I followed that up with a delicious, steamy, spicy chai tea latte (made with soy — I was not feeling the dairy today) and an apple with honey PB:

A delicious bite of cinnamon roll from the guys at the mail room was also had 🙂

I am fully aware that the icing on my hands in this picture does NOT look like icing.  It is, I swear.

I had a late afternoon lunch-snack of a chocolate chip muffin, in honor of Cookie Friday.  Sometimes I think muffins are better than cookies.  I think they *might* be my favorite baked good!  Shhh, don’t tell the cookies that I told you that.

I came home after work and lazed around.  I just did not want to start my run at all.  I was feeling very grey, I suppose.  I finally had a Luna Bar and got my butt out the door around 6:00, only because I knew that if I waited any longer it would be dark by the time I finished and I didn’t want to get mugged in the northern end of CP (which is a wee bit isolated/quiet at night).

The run ended up being wonderful! I felt really fast and strong and smooth.  Some runs you just get into a rhythm and other runs…well, you don’t.  I definitely found my groove today, which was nice after Wednesday’s sucky run.

2 Miles warm-up (10:00-10:30 min/mile pace)

4 x (1 mile “Cruise” Pace, 1/4 mile easy)

2 Miles cool down, easy

I don’t know what the difference is, necessarily, between “fast” and “cruise” and “tempo” and “speed.”  And to be honest, I don’t particularly care.  I have a few paces: 8:30, 9:00, 10:00, and slower than 10:00.  I go based on how I feel.  I think that the important thing for me is just practicing speeding up, learning how to move my legs faster.  I definitely accomplished that today — I would say I was maybe running 8:45s?  Hard to tell, but I worked hard and felt fast on the miles, so I was happy! 🙂 Nine miles in total.

Dinner later on was the giant burrito that I wanted yesterday but didn’t let myself have!

What, you don’t have your giant burrito with a side of steamed broccoli and roasted carrots/okra doused in TJS spicy peanut vinaigrette?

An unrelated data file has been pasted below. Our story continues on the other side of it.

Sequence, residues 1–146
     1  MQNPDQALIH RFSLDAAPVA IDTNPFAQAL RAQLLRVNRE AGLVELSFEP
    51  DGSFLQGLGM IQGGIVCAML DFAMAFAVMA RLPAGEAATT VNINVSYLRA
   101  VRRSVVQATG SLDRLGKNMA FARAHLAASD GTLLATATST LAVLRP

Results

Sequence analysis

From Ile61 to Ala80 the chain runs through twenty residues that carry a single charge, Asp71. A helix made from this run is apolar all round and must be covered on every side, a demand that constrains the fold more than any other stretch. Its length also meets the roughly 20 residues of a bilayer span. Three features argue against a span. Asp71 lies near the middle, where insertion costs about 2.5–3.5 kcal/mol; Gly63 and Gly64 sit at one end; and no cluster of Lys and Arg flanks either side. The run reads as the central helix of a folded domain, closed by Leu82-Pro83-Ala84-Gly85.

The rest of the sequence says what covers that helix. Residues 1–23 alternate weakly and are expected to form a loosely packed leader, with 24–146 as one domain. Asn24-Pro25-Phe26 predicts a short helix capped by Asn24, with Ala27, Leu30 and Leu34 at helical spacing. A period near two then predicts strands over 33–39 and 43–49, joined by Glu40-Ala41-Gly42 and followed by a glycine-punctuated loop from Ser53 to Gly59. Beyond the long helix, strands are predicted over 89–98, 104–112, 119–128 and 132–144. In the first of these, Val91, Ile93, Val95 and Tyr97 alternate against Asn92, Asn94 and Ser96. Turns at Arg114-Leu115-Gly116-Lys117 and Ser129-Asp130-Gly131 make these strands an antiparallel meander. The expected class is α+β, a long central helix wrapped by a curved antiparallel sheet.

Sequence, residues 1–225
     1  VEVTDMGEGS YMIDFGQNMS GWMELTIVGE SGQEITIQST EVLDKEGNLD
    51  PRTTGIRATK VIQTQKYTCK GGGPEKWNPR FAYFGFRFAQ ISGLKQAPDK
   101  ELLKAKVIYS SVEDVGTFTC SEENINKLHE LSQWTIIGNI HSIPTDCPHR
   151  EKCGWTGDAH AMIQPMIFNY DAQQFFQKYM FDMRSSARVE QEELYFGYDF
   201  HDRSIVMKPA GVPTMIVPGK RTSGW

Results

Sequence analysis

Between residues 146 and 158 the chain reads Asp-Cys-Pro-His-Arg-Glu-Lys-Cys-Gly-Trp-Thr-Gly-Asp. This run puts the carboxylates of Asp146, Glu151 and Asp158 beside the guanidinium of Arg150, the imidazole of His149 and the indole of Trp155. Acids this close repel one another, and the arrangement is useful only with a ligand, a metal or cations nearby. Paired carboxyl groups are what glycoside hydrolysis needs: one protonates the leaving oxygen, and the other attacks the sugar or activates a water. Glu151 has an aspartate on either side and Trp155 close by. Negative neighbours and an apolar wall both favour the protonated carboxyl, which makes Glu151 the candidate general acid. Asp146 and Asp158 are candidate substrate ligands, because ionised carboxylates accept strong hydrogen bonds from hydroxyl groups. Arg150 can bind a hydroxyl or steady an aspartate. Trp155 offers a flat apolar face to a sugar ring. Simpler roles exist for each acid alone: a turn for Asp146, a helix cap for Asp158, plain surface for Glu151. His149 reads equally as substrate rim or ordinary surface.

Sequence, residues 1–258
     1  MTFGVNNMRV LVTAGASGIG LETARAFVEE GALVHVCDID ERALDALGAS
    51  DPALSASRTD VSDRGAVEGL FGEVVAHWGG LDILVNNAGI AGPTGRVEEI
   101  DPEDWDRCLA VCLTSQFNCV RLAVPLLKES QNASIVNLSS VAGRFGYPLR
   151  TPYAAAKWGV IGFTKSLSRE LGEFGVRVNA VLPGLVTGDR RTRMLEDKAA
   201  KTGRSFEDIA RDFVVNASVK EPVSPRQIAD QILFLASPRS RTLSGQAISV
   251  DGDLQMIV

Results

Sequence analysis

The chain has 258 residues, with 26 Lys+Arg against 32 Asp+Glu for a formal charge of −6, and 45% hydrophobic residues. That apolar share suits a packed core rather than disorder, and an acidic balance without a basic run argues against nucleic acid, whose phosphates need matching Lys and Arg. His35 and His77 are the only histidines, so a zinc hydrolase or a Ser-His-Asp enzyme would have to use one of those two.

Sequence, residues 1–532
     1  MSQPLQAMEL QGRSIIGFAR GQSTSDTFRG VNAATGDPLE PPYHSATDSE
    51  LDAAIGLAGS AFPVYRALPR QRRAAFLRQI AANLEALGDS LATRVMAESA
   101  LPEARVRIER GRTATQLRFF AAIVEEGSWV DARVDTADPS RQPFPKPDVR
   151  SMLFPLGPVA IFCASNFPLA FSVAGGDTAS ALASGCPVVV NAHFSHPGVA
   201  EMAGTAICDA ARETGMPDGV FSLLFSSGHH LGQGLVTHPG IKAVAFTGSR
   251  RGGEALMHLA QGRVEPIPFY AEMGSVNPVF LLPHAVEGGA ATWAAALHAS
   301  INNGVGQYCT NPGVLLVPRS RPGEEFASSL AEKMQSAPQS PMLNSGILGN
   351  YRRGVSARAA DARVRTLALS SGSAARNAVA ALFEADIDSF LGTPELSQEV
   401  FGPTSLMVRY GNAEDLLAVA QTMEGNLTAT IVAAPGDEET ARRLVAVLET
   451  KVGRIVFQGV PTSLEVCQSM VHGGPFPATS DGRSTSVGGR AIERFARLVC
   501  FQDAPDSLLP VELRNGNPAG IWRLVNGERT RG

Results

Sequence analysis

Inside the burrito: green peppers/onions, pinto beans, barbacoa meat (beef), corn salsa, a little cheese, lots of lettuce.  It needed some spicier salsa, but other than that it was divine!  If you ask really nicely at Chipotle, they’ll let you have the peppers/onions (which are normally for the vegetarian burritos) instead of rice.  Rice+burrito+beans would be way too many carbohydrates for me to handle at once.

I love having the options of multiple fats at Chipotle: cheese, sour cream, or guacamole.  Do not fear the fats ladies!

I had a few squares of plain TJs dark chocolate after dinner (which I learned form Averie’s post today might be Scharffen Berger????), followed by about five gallons of water — I can always tell when I haven’t had enough to drink throughout the day based on how thirsty I am in the evenings!

Now onto a little activity inspired by the lovely Janetha G.! A few days ago she did a list of her favorite food for each letter of the alphabet.  I got really bored in Harlem Renaissance Literature the other day and started my own. 🙂

This is a really fun and oddly soothing thing to do.  I might just have to go back and expand the list one day so that I can include all my favorite foods.  For example, I feel like “avocados” and “almond butter” got left out on A.  I don’t want to exclude anybody!

A: apples

B: bananas

C: cupcakes

D: dark chocolate

E: eggs

F: fish

G: gaz (a Persian candy made with rosewater and pistachio and AMAZINGNESS)

H: hummus

I: Indian

J: jumbo shrimp

K: kiwi

L: linguine

M: muffins

N: nuts

O: oats

P: peanut butter (duh)

Q: quinoa (blended, preferably)

R: raspberries

S: spinach

T: tofu

U: upside down cake (it’s a tradition in my dad’d family — a tasty, tasty tradition)

V: vanilla

W: whey protein

X: xantham gum

Y: yogurt (especially2% plain Greek)

Z: zucchini bread

Thanks for the idea Janetha!

What is your favorite baked good?

How do you know when a run (or workout) is good?

Therapy Thoughts: Body Hatred

Today’s Happy Note: Had a wonderful little “me” day.  I did what I wanted — lifted weights, tried some new recipes,  had an amazing, teary, breakthrough therapy sesh, baked, napped, and read.  I took care of me in a way that I haven’t done in a while.